The CFPB announced a final rule restricting payday and auto-title loans in October, but has not made the rule official with publication in the Federal Register. It was unclear Wednesday if Cordray’s departure might undercut the rule from taking effect in 2019.
There was no word from the White House on Wednesday regarding the choice of a successor for Cordray.
Major CFPB accomplishments
- Crackdowns on credit card issuers for shoddy add-on products generated more than $2.8 billion in refunds for card users
- Regulation on reloadable prepaid cards set consumer protection rules for new product that acts as a substitute bank account for many
- A series of mortgage rules that cleaned up exotic loans that people couldn’t repay, and streamlined disclosures
- Consumer complaint database that took more than 1.2 million complaints about financial services, helping resolve disputes and providing a resource on companies’ behavior
“Consumers across the country will be watching closely to see whether the president will choose a director who will side with them over predatory lenders,” Rachel Weintraub, general counsel of the Consumer Federation of America, said in a statement.
An expected departure
Cordray’s departure is not unexpected, as his term ends in July 2018 and he is thought to be planning to run for governor of Ohio.
Opponents such as U.S. Rep. Jeb Hensarling, R-Texas, chair of the House Financial Services Committee, have called for his firing as an overly powerful bureaucrat who has made credit more expensive and less available for consumers.
After Cordray announced his resignation, Hensarling released a statement saying, “We are long overdue for new leadership at the CFPB, a rogue agency that has done more to hurt consumers than help them. The CFPB tramples on the fundamental economic rights of American citizens, taking away their choices and opportunities.”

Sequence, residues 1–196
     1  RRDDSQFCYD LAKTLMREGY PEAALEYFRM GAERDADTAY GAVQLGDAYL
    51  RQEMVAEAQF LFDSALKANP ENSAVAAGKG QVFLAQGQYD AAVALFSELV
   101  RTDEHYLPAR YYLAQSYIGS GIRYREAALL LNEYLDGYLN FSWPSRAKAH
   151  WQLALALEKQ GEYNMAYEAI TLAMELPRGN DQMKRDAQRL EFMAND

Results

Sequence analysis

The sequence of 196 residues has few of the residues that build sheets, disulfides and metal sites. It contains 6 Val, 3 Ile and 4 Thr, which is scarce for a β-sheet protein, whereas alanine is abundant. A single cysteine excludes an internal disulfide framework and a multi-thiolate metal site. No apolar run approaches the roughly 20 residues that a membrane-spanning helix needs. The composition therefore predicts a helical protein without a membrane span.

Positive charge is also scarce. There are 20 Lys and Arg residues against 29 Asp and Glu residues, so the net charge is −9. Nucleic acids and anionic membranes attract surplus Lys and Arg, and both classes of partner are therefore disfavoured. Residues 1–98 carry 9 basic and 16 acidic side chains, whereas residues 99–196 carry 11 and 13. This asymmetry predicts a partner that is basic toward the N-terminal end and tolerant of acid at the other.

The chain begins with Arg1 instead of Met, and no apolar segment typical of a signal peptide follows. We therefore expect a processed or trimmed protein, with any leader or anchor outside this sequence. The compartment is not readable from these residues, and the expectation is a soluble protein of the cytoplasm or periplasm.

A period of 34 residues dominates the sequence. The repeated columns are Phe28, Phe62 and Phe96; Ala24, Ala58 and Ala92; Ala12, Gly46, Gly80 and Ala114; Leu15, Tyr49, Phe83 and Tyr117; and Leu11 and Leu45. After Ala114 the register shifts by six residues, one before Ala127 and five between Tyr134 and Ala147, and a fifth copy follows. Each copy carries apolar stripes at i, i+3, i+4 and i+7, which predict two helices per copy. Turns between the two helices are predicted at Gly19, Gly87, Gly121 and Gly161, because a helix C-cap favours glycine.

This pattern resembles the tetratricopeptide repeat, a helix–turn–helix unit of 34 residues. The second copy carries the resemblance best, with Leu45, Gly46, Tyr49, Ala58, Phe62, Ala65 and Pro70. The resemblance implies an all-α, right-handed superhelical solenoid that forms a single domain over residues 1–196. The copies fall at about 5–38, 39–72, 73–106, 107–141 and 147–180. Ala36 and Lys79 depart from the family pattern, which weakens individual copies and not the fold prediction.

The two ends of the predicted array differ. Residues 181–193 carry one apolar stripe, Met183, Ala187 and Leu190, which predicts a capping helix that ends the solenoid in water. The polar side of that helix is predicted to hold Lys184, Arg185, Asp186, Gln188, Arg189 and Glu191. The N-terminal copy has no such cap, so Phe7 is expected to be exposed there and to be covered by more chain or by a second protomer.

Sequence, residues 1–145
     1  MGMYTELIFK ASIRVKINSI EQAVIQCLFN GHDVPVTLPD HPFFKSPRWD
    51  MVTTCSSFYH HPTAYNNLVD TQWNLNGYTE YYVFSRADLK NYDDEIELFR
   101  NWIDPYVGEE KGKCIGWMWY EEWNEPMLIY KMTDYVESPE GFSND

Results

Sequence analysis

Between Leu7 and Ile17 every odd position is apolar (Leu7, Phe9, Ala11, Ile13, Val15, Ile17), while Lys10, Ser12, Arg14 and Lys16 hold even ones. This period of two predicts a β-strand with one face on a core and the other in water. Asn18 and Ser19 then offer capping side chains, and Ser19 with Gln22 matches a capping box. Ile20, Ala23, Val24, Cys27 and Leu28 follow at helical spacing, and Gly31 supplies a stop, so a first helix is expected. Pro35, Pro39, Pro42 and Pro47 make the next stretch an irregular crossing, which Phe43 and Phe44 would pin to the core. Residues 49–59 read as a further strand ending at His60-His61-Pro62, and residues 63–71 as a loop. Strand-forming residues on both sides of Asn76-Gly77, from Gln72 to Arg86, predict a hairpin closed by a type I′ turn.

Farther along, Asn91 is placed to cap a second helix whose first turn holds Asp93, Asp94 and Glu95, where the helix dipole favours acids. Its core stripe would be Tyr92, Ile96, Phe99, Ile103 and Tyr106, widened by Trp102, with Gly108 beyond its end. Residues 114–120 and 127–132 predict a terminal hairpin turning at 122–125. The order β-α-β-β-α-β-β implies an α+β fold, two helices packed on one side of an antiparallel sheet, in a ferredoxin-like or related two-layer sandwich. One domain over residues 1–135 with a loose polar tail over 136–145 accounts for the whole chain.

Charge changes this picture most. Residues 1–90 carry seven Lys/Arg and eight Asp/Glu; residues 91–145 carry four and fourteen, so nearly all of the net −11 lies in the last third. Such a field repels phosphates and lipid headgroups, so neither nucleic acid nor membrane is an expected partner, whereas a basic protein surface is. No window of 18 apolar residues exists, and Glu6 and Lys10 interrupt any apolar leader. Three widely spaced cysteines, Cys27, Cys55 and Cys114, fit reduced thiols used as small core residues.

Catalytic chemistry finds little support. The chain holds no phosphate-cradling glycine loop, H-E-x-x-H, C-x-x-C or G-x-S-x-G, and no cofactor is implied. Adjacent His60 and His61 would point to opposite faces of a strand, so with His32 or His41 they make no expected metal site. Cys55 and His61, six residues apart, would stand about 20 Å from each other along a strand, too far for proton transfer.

Hensarling, who has announced he will retire from Congress at the end of his term in 2018, has been spoken of as a possible successor to head the CFPB.
Controversial from the start
The consumer bureau was created by the Dodd-Frank Act in the wake of the 2009 financial meltdown and foreclosure crisis that followed.
Since it opened, the CFPB has seen pushback from businesses and deregulation-minded Republicans, who say its structure puts an undemocratic amount of power in its single director.
A court case challenging the constitutionality of the agency’s structure under a single director, who is insulated from removal except for cause, is pending in federal appeals court in Washington.
President Trump’s previous appointments to consumer protection roles have been relatively uncontroversial. His acting chair at the Federal Trade Commission selected Thomas Pahl, a deregulation-minded Republican who has worked within the agency since 1990, to head the FTC’s bureau of consumer protection in February.
In October, Trump named as FTC commissioners Joseph Simons, as chairman, a former head of the agency’s bureau of competition, and Rohit Chopra, an attorney and consumer advocate who formerly worked as assistant director of the CFPB.